Bill’s placement at Rockyview was never intended to be permanent. After assessment, Lynne was eventually told the only placement option for Bill was the Managing Dementia with Expertise (MDE) Unit at Bethany Calgary. This became a catch-22, since the hospital environment aggravated his symptoms even more, and placement in the MDE Ward, for which there was a waiting list, became more and more elusive.
“Bill’s physician and the entire staff on Unit 47 were terrific, but properly caring for patients with complex dementia is really challenging in the best of circumstances, and almost impossible on an acute-care hospital ward,” Lynne says. “Imagine being terribly confused and then being trapped in a place where there are bells and whistles going off constantly and computers and stretchers cluttering the halls, which all lead to dead ends.”
Bill spent day after day in a small, poorly configured hospital room whose only window looked directly onto a brick wall. There were no windows to the outside world for Bill anywhere on Unit 47. The common space for the entire ward was being used as a hospital room for another difficult-to-place dementia patient, so no social or recreational space of any kind existed on the unit. Occupational, art or music therapy of any description was non-existent.
“The longer Bill remained in the hospital, the less likely he was going to be placed, because he was getting increasingly agitated. This resulted in him being restrained, both chemically and physically, which led to further decline,” Lynne says. “I can’t prove it, of course, but I think Bill went downhill more quickly in the hospital than he would have in a more appropriate placement. It was a miserable decline, and it was a miserable ending for a wonderful person who deserved so much better.”
After Bill had been in the hospital for about four months, Lynne wrote a letter to Alberta Health Services detailing the unsuitability of an acute-care ward for Bill and patients like him and identifying what was, in her words, “a gaping Alberta Health Services system failure.” But, despite Lynne’s efforts, no one did anything to improve Bill’s situation before he died. She doesn’t blame the staff at Rockyview or even the private care facility, but firmly believes that AHS must find better alternatives for caring for and housing people living with dementia who exhibit difficult behaviours.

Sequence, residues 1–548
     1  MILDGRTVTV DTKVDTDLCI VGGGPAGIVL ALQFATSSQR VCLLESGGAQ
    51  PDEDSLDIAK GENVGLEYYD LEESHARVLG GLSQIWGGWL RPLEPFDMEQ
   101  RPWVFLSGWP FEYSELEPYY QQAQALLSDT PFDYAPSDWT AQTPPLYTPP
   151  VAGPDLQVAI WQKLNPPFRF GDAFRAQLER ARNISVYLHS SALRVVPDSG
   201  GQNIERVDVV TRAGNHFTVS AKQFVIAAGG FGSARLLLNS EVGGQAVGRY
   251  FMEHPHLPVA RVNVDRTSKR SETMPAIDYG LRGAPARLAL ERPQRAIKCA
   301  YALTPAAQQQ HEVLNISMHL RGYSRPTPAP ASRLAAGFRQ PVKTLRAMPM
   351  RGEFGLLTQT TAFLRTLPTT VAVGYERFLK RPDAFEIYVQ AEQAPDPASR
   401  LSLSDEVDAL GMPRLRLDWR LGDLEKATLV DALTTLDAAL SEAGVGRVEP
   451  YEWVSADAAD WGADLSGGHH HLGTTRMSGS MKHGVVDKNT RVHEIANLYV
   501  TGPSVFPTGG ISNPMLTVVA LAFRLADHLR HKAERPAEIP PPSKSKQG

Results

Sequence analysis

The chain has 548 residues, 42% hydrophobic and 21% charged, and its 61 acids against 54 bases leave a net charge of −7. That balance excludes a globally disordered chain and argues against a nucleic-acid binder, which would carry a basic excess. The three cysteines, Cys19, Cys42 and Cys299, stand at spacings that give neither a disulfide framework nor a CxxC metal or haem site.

“I don’t think the doctors and nurses liked the way things were,” Lynne says. “We had a terrific doctor. The staff was wonderful, but I felt utter frustration in not being able to enact any kind of positive change toward making Bill’s final days more humane.”
He passed away on Unit 47 on Sept. 27, 2017.
“It was heartbreaking, and it was unacceptable. And there was nothing I could do about it. It felt like I, too, was in a maze. I was shunted from one person to another within the Alberta health-care system over a long period of time, and, when months into this process, I was referred back to an employee I had spoken with much earlier and who hadn’t been of any assistance then, it became painfully obvious that the path I was on was hopeless. I couldn’t get answers anywhere, and it was clear that there was no possibility of a humane end of life for Bill. In spite of all my efforts, I couldn’t access a decision-maker. Something needs to change.”
The crux of the problem Lynne Kearns had in housing Bill was the unpredictability of his symptoms. Dr. Allen Power is an educator, public speaker and author whose life’s work has been promoting the idea that medical professionals look at people living with dementia as whole human beings.
While he doesn’t like the term “complex dementia,” Power does say that facilities need to shift their expectations surrounding “difficult” symptoms, rather than expecting residents with dementia to behave differently. Power suggests that care partners seek out care homes that approach residents as individuals.
When touring a care home, Power suggests noting these questions: Is staff respectful? Do they boss people around? Is there consistent staffing for personal care, or do “strangers” come in to provide intimate care every several weeks? Are the residents treated like adults, or children? Can they get outside daily? How do they refer to people’s distress and other expressions? What is their level of use of psych meds? [ ]